8/14/2005

TomDispatch: De la Vega on How to Prosecute the Plame Case

De la Vega on How to Prosecute the Plame Case

Rumors and leaks continue to swirl around the case of outed CIA agent Valerie Plame and the various journalists and Bush "senior administration officials" believed to be involved in some fashion in her outing. Whole forests have undoubtedly been pulped for the endless flood of summer stories about the Plame case and yet something has been missing. The Intelligence Identities Protection Act of 1982, the law against outing a CIA operative under which Special Counsel Patrick Fitzgerald was, in essence, called into existence, is rarely discussed in any serious way -- and then at best only in a passing paragraph or two deep in any story. And yet a media/punditry consensus has formed that it is a law so specifically, even quirkily, written as to be almost impossible to use in a prosecution (hopeless, in fact, against a figure like Karl Rove or Vice President Cheney's right-hand man I. Lewis "Scooter" Libby); and that Special Counsel Fitzgerald has already turned away from the law, moving on to more conceivable avenues of prosecution -- like obstruction of justice.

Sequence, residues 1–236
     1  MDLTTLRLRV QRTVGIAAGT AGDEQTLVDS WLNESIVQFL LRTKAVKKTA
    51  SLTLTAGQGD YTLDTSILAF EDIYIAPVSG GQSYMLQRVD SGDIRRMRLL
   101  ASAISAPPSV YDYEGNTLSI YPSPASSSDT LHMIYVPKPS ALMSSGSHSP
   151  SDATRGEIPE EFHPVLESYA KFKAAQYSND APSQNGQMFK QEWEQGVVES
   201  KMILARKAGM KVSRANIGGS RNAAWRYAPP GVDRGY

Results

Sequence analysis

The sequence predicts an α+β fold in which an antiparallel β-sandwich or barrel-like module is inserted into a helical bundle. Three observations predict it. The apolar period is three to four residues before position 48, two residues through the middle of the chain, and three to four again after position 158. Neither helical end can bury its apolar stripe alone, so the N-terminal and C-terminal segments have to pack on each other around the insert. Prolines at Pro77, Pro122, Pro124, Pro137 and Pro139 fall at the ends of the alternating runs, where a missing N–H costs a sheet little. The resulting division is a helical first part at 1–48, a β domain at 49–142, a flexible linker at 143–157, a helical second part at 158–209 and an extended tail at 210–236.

Elizabeth de la Vega, former federal prosecutor and Chief of the San Jose Branch of the U.S. Attorney's Office for the Northern District of California, has no more inside information than the rest of us on an investigation that has seemed remarkably leak-less; but calling on her prosecutorial experience, she begs to differ on the question of whether the 1982 law is difficult to use in a prosecution. Alone among a sea of pundits, she suggests that the 1982 law is a perfectly usable one under which, based on what we know at present, a case could indeed be brought against a "senior administration official" and perhaps prosecuted successfully indeed. This is news. Tom.

TomDispatch

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